WASHINGTON — Rep. Maxine Waters, the top Democrat on the House Financial Services Committee, said Tuesday that she is preparing to unveil an alternative housing finance reform proposal to rival more conservative legislation backed by many House Republicans.

Waters criticized the GOP plan, spearheaded by Financial Services Committee Chairman Jeb Hensarling, R-Texas, during a speech Tuesday at the National Association of Federal Credit Unions congressional caucus, arguing that it seeks "a radical remake that is not viable."

"Housing finance reform must maintain an affordable 30-year fixed-rate mortgage, protect taxpayers by making any guarantee fully paid for, support affordable rental housing and importantly, ensure that all financial institutions including credit unions can equally participate," she said during the speech.

Hensarling's bill, called the Protecting American Taxpayers and Homeowners Act, would unwind Fannie Mae and Freddie Mac and remove a government guarantee from the secondary market. The legislation was introduced in July and passed the committee largely down party lines later that month, though questions now remain over whether the bill will move to the House floor, particularly after the issue was left off of a fall legislative agenda released by Majority Leader Eric Cantor late last week.

Democrats, including Waters, have been vocal in their opposition to Hensarling's bill, warning that it would undermine the 30-year mortgage and fails to help low-income borrowers and renters. During her remarks on Tuesday, Waters said she would pursue an "alternative approach" that aligns with a set of principles House Democrats released in July.

Waters said that her legislation would be "quite different" from Hensarling's bill, noting that it's still an open question whether that legislation has adequate support to move to the House floor.

Hensarling is said to be in ongoing talks with lawmakers outside of the banking panel, working to round up the necessary 218 votes for passage. While some in the caucus support his efforts to push a free market-oriented proposal, others are said to have concerns about removing the government guarantee against the wishes of numerous stakeholders, including the home builders and Realtors.

"As you know the PATH Act is not moving, it's not going anywhere, it's not been scheduled for the floor, and I think that it's because they don't have the support — certainly not from our side of the aisle and of course they're divided on the Republican side," the California Democrat told reporters after the speech.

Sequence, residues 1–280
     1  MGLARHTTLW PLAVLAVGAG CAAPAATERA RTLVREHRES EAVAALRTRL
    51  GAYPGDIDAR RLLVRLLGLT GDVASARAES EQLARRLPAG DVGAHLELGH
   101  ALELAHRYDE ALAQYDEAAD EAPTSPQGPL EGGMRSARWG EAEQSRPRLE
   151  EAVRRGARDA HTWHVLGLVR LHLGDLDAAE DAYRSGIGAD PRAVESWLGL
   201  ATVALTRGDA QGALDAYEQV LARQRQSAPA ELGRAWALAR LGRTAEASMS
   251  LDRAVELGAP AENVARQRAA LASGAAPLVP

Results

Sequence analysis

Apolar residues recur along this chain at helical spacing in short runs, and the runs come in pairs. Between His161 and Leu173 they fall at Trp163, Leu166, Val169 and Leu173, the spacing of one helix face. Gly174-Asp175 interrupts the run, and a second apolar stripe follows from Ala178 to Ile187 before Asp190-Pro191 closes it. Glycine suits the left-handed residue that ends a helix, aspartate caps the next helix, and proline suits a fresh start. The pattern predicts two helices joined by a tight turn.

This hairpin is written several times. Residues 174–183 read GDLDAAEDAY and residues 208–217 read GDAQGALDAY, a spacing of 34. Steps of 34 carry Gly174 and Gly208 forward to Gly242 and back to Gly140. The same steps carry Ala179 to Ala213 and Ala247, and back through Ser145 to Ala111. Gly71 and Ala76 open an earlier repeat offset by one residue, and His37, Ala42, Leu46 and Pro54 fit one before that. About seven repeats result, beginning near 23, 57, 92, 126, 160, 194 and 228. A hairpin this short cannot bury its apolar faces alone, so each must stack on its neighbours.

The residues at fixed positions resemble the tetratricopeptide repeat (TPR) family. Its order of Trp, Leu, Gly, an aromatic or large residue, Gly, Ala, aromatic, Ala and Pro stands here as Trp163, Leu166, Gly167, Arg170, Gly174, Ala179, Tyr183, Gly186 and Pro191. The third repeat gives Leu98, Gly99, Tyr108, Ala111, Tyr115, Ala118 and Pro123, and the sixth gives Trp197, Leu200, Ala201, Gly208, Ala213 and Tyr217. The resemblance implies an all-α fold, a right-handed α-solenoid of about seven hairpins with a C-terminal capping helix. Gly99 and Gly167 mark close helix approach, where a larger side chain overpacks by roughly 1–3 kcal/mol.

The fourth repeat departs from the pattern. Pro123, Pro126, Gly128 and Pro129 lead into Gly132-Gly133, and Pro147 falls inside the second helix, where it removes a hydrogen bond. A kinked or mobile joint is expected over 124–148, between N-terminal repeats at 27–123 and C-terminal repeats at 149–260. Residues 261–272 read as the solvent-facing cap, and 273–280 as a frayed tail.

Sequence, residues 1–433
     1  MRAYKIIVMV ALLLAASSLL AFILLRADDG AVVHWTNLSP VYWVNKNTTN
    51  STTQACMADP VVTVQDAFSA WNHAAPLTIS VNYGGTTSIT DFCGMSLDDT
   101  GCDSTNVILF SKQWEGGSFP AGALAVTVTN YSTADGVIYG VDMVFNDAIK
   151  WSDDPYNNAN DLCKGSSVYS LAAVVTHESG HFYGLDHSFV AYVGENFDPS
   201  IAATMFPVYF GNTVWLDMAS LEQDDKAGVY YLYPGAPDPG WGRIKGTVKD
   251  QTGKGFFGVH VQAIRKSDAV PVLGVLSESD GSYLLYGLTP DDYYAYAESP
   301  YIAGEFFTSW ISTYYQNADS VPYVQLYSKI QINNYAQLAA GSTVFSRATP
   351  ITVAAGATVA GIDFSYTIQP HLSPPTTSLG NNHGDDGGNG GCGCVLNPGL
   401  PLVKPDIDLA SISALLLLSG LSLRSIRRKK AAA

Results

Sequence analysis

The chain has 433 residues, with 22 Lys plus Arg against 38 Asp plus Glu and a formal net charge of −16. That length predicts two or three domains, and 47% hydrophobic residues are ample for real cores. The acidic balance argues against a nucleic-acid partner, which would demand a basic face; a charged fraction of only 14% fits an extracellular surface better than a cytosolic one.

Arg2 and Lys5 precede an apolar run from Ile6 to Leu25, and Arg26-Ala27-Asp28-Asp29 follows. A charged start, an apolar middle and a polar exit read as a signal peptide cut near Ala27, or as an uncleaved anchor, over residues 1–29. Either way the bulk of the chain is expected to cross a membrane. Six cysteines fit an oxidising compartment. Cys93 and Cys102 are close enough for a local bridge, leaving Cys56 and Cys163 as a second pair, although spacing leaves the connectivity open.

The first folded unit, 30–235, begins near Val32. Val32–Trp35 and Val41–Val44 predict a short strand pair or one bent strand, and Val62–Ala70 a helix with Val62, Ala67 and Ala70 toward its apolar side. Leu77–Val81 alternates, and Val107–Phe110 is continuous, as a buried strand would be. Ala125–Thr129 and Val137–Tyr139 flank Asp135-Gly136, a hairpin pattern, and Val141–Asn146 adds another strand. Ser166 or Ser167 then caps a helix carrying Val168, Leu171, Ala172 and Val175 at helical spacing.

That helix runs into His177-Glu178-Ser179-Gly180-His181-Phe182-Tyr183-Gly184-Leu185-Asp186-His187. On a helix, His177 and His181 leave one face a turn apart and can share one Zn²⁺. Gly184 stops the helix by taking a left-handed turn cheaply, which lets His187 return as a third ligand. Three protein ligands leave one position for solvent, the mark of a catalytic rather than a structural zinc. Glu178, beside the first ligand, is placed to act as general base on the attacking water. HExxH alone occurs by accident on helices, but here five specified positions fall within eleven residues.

But Waters did not provide details on what her bill will contain or when it would be unveiled. One key issue is whether her bill will include elements of legislation introduced by Sens. Mark Warner, D-Va., and Bob Corker, R-Tenn., which is a bipartisan attempt at GSE reform.

"The big question for the substance of her bill is whether it is similar to Corker-Warner, with more robust affordable and multifamily housing provisions, or does it just enshrine something closer to the status quo?" said Brandon Barford, a vice president at ACG Analytics.

He added that the principles put forward by House Democrats were "very much aimed at a middle-class audience" and not the "affordable housing groups that she has so long championed and been the voice for," calling it a "very measured document."

"The order of how things were ranked in it are also not necessarily reflective of what her personal priorities have been, which perhaps suggests she is trying to evolve as a ranking member and she knows that her best hope to rally the caucus and impact the debate is to drop the more left-leaning wish list of issues and focus on tangible outcomes for the middle class," Barford said.

While analysts said it's extremely unlikely the effort would come up for a standalone vote in the committee or on the House floor, legislation authored by Waters and other House Democrats could ultimately play into the formation of a final housing reform bill.

"The PATH Act needs to be moderated in order to be supported by industry groups or House Democrats. So for the House Democrats to have tangible language on paper that would reinforce the importance of the 30-year mortgage will help all parties move toward the medium-term goal, which is a conference committee," said Isaac Boltansky, a policy analyst for Compass Point Research & Trading. "Work by Congressmen like Waters will overall advance the effort."

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